"Having the safes on hand makes a difference. If a customer can actually see the quality and variety available, rather than just photos in a brochure, they are more inclined to buy," he said.

The most popular safes, according to Swarts, are the 13-to 18-gun models. They offer a blend of storage for long guns and shelves for handguns and other valuables. Big Buck Sports has contracted with a local moving company to deliver the safes for the customer.

"We put the customer in contact with the moving company and for around $100, the move is made quickly and safely," Swarts said. "It's well worth the money."

There are numerous lockbox designs on the market to fit your customers' needs. There are single- and multi-handgun models, those that bolt to walls, the floor, bed frames or vehicle floorboards and models that can double as a carrying case. Lockboxes also can compliment a safe sale.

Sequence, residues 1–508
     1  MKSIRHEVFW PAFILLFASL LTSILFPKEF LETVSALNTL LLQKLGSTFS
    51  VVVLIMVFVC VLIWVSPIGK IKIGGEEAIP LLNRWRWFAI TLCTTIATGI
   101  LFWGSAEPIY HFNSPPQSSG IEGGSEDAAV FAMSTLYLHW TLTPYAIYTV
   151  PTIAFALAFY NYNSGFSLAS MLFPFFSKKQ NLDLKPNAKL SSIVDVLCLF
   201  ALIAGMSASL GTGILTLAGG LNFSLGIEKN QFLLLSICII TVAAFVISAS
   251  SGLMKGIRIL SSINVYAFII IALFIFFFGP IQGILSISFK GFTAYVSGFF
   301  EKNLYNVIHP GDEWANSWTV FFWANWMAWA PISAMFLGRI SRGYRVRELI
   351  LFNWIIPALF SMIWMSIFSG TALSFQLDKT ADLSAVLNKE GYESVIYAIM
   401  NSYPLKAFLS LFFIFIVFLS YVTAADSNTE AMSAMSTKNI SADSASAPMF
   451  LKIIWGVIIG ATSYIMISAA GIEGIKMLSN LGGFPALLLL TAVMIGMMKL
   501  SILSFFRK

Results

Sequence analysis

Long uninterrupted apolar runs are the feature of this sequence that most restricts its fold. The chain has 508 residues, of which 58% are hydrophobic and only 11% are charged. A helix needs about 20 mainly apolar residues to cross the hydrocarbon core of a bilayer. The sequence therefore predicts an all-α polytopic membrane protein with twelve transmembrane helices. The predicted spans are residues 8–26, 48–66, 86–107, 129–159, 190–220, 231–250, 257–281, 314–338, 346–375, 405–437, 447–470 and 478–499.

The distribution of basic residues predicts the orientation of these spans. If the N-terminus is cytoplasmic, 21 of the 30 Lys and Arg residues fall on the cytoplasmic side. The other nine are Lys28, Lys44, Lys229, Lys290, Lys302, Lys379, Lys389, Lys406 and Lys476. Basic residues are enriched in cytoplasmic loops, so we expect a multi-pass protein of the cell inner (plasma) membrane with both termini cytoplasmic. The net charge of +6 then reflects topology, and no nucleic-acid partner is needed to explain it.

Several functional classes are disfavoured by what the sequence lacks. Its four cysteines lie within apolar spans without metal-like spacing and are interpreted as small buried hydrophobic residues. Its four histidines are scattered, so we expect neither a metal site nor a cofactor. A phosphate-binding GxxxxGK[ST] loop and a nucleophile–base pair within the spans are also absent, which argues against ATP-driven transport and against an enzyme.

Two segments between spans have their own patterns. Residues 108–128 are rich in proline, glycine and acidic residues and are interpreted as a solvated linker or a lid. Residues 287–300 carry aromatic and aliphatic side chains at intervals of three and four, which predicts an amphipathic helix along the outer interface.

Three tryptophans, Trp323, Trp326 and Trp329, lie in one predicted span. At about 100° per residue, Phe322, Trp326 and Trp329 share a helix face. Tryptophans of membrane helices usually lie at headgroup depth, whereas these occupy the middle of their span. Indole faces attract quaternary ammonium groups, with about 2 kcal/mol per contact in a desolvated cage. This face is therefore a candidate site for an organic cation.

"When customers buy a safe, they often buy a lockbox or two," said Harris of Turner's. "The safe is for security of their guns and valuables and the lockbox is for quick accessibility and safety around children. Our models range from a low of about $20 to a high of $140. Lockboxes in the $89 range make up the bulk of sales for the four models we stock."

While you may be able to sell safes without stocking them, most dealers agree it is important to have them on hand.

"I stock Cannon lockboxes and if I'm out of them, people will ask for them," explains Fleischer, of Prime Time Sports. "It's important to stock the product so customers can see it and so you can show it." Harris agrees. "If you have the room, stock a variety of lockboxes and keep them where your customers can lay their hands on them."

Dealers might consider a simple display that challenges customers to see how fast they can open a lockbox. Such a display by GunVault at the SHOT Show in Las Vegas this year proved to be a real attention getter. The display consisted of several models of GunVault's lockboxes and a sign asking, "How fast can you open this GunVault? With your eyes closed!" Remember, your customer is probably thinking, "How long will it take me to get my gun out of this box in the dark?"